The Buzz on Beeswax
It's easy to make your own lip balm
By Sean Conway, Tribune Media Services, 5/10/2010
There are some things our technologically advanced society just can't improve on. The honeybee is one of them. Since ancient times honeybees have been kept and appreciated not just for their honey but also for the waxy multicell comb they produce to store it in.
Melted honeycomb produces what we commonly refer to as beeswax, a material that since ancient times has been put to many different uses, from manufacturing to food production to the arts…
By now beeswax has been largely displaced from these traditional uses by newer materials and techniques, but it remains much in demand for specialty products that take advantage of its unique qualities. Beeswax candles, for example, burn largely without producing the smoke and dripping characteristic of other candles. Beeswax is valued for its emollient, softening and antibacterial properties. Thus it's a common ingredient in skin care products such as moisturizer and lip balm.
Brenda Brock, owner of Farmaesthetics (farmaesthetics.com), a company that creates organic skin-care products for select spas, boutiques and high-end hotels such as the Four Seasons, stopped by to tape a segment of this week's episode of "Cultivating Life." Brock shared a simple recipe for lip salve that combines local beeswax and fresh herbs from the garden (which is described below)…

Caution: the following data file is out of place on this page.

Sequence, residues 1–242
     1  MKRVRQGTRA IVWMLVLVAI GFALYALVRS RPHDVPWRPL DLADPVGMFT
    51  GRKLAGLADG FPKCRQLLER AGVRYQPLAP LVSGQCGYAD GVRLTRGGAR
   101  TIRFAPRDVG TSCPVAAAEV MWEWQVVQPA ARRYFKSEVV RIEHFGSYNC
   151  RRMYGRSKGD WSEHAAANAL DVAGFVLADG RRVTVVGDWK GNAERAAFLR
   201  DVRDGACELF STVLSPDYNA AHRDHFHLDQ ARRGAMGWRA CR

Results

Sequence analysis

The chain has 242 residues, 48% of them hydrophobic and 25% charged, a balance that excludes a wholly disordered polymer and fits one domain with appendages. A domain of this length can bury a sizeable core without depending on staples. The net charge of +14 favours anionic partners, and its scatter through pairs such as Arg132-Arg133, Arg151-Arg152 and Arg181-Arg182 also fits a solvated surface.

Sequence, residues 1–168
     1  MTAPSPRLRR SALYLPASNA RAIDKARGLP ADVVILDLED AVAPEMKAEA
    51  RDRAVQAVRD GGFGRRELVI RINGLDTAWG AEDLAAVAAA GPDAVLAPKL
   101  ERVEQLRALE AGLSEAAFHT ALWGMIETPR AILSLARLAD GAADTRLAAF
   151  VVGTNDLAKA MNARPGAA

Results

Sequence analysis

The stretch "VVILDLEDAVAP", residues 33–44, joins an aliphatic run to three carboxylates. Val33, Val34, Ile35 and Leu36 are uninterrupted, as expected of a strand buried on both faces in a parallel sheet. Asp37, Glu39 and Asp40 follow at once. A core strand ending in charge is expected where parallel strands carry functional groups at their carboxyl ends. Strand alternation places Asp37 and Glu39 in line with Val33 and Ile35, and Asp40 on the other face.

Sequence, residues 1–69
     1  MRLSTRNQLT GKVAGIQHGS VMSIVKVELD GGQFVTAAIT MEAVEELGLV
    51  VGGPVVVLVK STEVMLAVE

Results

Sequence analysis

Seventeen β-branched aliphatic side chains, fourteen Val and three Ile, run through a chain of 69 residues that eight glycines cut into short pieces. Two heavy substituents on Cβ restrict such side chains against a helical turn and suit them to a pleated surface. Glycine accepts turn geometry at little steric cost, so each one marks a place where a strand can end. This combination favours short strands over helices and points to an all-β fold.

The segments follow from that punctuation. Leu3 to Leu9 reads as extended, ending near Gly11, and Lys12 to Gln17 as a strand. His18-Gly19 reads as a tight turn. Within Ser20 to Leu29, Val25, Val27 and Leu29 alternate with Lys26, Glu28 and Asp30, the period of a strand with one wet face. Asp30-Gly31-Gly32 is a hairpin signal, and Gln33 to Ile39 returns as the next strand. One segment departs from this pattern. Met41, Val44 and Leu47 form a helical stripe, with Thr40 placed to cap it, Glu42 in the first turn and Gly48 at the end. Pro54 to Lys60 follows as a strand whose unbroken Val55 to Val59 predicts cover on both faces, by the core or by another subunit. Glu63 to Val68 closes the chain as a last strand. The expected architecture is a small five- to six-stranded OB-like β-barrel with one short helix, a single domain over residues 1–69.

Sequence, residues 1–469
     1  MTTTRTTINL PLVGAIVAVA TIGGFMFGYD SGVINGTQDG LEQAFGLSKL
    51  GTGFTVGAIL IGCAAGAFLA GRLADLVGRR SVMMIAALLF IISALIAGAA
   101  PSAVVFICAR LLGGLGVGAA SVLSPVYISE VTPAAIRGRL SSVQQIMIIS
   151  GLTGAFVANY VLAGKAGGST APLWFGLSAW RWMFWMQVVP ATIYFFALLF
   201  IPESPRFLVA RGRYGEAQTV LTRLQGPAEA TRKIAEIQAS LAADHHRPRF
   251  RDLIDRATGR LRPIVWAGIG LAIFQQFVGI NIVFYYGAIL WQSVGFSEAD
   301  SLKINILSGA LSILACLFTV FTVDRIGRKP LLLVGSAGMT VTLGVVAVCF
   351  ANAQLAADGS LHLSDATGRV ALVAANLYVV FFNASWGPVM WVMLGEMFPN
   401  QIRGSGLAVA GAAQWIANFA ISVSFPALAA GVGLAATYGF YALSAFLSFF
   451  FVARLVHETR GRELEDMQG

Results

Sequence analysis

The materials you'll need to make Brenda's beeswax lip balm include a quart-size storage jar with cover, a strainer, some cheesecloth, a double boiler, and small new or recycled containers for the finished salve.
Also assemble these ingredients: about 1/2 cup (packed) lemon balm leaves, washed and dried; 1/2 cup organic almond, grapeseed or soy oil; 1/8 teaspoon vitamin E; 2 teaspoons organic beeswax; and 1/4 teaspoon pink grapefruit essential oil. Note: If you can't find lemon balm, lavender or mint can be substituted.
1. Put the lemon balm leaves in the jar; pour the almond oil over the mint, then add vitamin E. Cover tightly; let mixture set a week or longer in a cool, dark place. This will allow the essential oils of the lemon balm to infuse the almond oil.
2. Strain the oil-herb infusion twice through a strainer lined with cheesecloth to separate the oils from the lemon balm. Discard the lemon balm.
3. Combine the infused oil and beeswax in a double boiler. Heat gently (but do not boil) over low heat until the beeswax is melted. Remove pan from heat; add the grapefruit essential oil. Pour mixture into tiny lip pots or jars. Allow to cool; cap securely…